Armstrong, born to a poor family in New Orleans, first came to Chicago in 1922 to play trumpet in Joe “King” Oliver’s Creole Jazz Band, where his southern style won massive popularity. After a brief engagement in New York, he returned to Chicago in 1925 and began recording records under his name, accompanied with his band Hot Five. It was also around this time that Armstrong began playing in the Carroll Dickerson Orchestra at the Sunset Café in Bronzeville, which Glaser owned. In 1928, Glaser became Armstrong’s manager and launched him into national stardom, having him tour extensively throughout the United States for the next three decades, and even earning him a couple of number one hits by the end of the sixties.
His monumental career came to an end in 1971, when he passed away in New York from a heart attack. At the time of his death, he was hailed as one of the most influential artists in jazz music—perhaps one of the smallest signifiers of his recognized contributions being that the list of honorary pallbearers at his funeral included Ella Fitzgerald, Dizzy Gillespie, and Frank Sinatra.
Yet something, perhaps the most important driving force in his life, was absent from the play—his music. It only appeared every now and then, and whenever it did, it was brief, playing in the background in an echoing, haunting manner. It was an omission made out of respect, and one intended to contribute to a different focus on Armstrong that is seldom explored. “The play doesn’t have his music, and you could never get an actor to play his music, and because of that, I thought it was missing that character,” Albert says.
That particular character found its place in other forms: the exhibit at the Beverly Arts Center, which displays archival items on loan from the Louis Armstrong Archives, even one of his trumpets, is meant to directly complement the show. Trollies can take visitors to the exhibit following a matinee performance of the play, to give them historical context after being introduced to Armstrong’s narrative story, Albert says. Festivalgoers find the sounds of Armstrong and those influenced by him through various live performances by saxophonist Darius Hampton and trumpeters Marquis Hill and Orbert Davis, among many others.
Armstrong’s legacy becomes difficult to fully understand considering all the moving parts: his music, his artistry, his role in society, and his own personal identity, incessantly contradicting, clashing with, and complementing one another. Yet Satchmo at the Waldorf and the accompanying festival efficiently hone in on Armstrong by means of wide-sweeping avenues fictional, historical, and musical.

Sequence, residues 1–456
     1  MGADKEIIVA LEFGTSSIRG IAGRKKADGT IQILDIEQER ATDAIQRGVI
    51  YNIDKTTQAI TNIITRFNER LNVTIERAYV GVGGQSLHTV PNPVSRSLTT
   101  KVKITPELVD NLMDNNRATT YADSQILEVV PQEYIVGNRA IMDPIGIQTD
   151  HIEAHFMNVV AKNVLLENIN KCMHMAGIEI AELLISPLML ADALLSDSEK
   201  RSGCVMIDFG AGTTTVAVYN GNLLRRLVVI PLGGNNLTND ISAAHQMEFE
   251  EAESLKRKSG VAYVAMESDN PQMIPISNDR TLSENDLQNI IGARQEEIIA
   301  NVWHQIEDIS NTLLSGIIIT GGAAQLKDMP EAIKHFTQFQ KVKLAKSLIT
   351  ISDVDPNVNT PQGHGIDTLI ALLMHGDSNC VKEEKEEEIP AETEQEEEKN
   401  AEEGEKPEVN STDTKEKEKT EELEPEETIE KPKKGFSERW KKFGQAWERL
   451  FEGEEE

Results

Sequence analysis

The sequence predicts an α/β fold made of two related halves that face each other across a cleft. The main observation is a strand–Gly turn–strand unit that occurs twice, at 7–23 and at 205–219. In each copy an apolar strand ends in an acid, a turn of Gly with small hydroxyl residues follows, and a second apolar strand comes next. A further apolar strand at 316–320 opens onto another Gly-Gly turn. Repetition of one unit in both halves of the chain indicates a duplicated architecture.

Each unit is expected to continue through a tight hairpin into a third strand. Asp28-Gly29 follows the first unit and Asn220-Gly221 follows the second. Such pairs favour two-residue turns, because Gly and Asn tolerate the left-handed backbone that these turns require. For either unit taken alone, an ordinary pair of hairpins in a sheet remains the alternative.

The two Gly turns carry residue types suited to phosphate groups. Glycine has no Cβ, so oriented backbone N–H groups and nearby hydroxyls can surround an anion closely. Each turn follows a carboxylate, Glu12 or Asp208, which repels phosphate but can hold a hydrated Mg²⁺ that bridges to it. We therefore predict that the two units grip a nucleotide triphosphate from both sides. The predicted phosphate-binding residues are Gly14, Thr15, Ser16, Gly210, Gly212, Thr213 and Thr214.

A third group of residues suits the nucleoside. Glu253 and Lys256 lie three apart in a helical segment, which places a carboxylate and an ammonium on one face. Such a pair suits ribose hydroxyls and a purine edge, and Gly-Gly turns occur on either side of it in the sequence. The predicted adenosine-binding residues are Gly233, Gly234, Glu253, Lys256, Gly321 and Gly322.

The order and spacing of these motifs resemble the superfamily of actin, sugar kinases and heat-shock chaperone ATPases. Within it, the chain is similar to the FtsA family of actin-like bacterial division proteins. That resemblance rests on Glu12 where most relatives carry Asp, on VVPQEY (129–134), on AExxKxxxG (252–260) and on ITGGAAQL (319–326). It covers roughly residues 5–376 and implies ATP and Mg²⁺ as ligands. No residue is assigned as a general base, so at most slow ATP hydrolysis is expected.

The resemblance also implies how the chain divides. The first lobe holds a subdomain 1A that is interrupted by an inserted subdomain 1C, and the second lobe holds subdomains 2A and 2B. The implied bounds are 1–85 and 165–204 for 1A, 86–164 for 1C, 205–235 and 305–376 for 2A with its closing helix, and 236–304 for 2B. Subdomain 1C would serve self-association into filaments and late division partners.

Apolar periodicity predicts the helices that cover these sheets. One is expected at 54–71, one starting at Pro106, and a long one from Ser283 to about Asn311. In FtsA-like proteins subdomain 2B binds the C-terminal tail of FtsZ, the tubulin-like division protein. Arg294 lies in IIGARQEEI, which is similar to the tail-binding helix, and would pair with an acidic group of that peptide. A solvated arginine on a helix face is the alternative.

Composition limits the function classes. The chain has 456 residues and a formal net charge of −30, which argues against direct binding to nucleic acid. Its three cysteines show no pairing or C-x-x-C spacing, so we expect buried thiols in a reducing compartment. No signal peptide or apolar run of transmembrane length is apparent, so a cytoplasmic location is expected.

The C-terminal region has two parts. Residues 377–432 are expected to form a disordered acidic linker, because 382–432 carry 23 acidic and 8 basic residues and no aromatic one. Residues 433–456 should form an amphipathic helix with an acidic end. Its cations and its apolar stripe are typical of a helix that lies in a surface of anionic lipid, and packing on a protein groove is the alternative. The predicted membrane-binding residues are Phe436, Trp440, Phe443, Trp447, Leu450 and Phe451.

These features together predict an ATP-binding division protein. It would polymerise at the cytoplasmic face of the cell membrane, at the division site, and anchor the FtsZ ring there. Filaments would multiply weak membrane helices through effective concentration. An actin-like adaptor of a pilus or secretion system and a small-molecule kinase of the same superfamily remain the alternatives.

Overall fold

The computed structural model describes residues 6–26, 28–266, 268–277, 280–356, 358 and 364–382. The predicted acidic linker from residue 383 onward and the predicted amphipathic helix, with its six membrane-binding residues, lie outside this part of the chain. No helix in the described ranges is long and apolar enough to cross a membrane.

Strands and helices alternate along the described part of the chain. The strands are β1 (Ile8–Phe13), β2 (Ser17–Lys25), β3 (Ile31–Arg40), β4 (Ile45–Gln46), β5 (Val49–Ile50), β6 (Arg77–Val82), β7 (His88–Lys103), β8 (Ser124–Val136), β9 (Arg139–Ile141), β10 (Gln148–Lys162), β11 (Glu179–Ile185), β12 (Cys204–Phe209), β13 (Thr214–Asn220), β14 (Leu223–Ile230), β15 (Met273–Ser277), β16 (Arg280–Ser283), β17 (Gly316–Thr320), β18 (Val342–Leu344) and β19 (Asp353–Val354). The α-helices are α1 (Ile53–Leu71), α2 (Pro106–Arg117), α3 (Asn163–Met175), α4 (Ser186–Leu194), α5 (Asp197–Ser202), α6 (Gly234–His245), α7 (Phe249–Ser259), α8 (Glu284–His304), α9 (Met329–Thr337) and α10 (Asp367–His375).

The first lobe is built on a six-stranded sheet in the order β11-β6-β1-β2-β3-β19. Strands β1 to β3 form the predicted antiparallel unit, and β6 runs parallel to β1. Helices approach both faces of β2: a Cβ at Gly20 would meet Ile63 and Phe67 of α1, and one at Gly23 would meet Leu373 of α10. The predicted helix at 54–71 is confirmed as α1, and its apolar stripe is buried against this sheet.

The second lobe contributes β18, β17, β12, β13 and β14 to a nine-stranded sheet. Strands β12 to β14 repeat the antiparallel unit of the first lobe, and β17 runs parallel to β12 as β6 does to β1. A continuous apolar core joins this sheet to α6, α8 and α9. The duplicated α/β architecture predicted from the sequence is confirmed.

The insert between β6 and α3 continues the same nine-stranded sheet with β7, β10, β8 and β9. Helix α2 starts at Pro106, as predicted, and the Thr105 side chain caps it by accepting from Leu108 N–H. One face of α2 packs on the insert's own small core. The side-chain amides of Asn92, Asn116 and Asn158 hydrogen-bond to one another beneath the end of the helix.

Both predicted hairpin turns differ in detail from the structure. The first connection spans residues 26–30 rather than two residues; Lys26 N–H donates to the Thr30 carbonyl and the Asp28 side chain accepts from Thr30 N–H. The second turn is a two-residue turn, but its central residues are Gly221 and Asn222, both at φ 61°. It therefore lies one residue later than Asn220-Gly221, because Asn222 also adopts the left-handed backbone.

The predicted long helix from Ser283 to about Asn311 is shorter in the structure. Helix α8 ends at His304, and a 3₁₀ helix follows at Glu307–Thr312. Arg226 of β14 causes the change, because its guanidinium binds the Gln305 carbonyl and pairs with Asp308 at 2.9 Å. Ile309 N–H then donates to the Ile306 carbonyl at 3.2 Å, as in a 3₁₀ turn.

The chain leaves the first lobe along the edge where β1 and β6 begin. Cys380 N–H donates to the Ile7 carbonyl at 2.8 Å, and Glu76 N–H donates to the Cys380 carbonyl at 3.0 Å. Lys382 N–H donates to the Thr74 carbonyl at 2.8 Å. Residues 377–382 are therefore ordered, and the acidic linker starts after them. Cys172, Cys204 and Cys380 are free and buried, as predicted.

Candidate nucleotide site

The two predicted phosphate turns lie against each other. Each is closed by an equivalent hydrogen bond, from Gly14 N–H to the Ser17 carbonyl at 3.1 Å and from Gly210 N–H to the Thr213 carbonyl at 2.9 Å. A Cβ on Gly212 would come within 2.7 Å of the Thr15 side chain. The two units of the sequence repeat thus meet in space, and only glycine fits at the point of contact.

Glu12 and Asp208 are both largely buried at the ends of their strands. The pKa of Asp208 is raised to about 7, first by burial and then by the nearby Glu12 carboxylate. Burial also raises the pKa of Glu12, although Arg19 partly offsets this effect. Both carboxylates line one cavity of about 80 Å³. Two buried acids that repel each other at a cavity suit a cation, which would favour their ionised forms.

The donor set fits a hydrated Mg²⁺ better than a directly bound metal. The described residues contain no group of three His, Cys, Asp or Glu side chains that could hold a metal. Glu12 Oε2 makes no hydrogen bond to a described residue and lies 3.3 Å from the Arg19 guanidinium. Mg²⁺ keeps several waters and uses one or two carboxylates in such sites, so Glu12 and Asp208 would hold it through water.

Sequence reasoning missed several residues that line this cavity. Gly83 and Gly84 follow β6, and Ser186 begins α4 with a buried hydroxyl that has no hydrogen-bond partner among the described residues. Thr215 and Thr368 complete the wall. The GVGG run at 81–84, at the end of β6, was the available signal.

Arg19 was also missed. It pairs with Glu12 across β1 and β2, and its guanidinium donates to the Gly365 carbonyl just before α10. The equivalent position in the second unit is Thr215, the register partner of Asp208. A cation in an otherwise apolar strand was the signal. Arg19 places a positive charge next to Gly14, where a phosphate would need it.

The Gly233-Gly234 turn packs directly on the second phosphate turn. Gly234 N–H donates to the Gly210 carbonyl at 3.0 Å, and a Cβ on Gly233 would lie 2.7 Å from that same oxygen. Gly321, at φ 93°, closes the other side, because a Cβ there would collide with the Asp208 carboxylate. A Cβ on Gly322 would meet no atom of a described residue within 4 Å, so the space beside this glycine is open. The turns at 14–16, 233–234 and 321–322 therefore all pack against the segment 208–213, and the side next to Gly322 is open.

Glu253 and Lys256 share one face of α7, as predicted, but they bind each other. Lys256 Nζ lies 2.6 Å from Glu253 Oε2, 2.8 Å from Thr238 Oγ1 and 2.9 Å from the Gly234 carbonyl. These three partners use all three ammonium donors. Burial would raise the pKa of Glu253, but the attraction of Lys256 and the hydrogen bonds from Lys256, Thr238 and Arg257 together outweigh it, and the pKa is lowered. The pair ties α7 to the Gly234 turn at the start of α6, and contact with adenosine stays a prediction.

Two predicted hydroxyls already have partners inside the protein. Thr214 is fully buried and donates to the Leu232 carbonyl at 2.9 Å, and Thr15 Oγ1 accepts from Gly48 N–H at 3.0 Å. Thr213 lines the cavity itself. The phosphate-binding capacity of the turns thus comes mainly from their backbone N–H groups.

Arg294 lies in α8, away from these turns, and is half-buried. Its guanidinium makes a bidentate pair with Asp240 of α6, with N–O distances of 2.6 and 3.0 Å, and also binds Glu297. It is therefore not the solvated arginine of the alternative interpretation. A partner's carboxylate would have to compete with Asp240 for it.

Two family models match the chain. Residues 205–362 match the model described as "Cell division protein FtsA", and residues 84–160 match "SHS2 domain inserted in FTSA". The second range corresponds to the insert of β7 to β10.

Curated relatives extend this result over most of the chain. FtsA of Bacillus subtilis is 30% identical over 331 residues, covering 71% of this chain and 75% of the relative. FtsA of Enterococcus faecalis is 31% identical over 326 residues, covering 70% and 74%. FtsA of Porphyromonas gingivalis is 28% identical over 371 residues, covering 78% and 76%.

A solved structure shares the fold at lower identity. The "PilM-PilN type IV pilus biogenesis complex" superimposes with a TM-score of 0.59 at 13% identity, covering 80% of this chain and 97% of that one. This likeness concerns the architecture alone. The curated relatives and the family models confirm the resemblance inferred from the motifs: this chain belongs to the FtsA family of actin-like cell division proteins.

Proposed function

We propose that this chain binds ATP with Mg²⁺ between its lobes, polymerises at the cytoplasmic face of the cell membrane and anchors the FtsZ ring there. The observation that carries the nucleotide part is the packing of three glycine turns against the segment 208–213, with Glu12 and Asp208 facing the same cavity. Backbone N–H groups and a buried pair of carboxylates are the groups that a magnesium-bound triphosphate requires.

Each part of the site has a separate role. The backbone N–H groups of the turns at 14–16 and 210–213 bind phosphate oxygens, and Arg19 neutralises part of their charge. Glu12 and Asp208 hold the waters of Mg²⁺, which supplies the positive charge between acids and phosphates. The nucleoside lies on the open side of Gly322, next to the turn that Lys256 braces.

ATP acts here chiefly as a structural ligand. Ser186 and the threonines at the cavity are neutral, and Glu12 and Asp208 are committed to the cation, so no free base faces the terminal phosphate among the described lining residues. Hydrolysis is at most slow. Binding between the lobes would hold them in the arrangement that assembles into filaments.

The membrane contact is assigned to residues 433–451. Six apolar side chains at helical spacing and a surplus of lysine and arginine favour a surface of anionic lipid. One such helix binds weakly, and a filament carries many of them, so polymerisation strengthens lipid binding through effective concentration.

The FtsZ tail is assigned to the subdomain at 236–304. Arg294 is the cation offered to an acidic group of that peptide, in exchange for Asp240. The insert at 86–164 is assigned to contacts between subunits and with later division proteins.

The return of Satchmo’s music and legacy to Chicago is also particularly striking considering the road he paved for numerous black entertainers and musicians, here and elsewhere. Simply put, by bringing this festival to the South Side, Court and its partnering organizations have used their combined immense stake in the Chicago cultural world to bring back a celebration of jazz and those who make it. “One of the things about being on the South Side of Chicago, is that jazz music is a big part of its own legacy,” Albert says. “There’s so much richness, but there’s a hunger of so many people to have that legacy back.”
Court, which traditionally dedicates itself to a number of classic productions from the Western canon every year, is marking a new, conscious direction with the Satchmo Festival. It is both refreshing and immensely exciting to see a newfound investment in the history and culture of the predominantly black communities that surround the theater, an ongoing mission since Court established the Center for Classic Theatre in 2010. This step is one that is certainly dependable, and will contribute to the “cultural ecology” of the South Side, according to Albert—that is, as long as they continue to program more collaborative events and productions that fall under this new direction.
Towards the end of the play, Henley proclaims: “Playing that pretty music every night, it takes a lot out of an old man,” and for a moment there is a sense that Armstrong, who evidently just wanted to play music, simply happened to find himself in a world that adored him for it. Whether or not people listened, and bought, and waited for the sounds of his trumpet, his life is a reminder that the true legacy an artist can have is one in which they would have played regardless of how much people paid attention. Despite his difficulties in dealing with the pervasiveness of America’s white supremacy, the extent of which he saw while touring the country, when Armstrong was on stage, he was nothing but the world’s greatest trumpet player.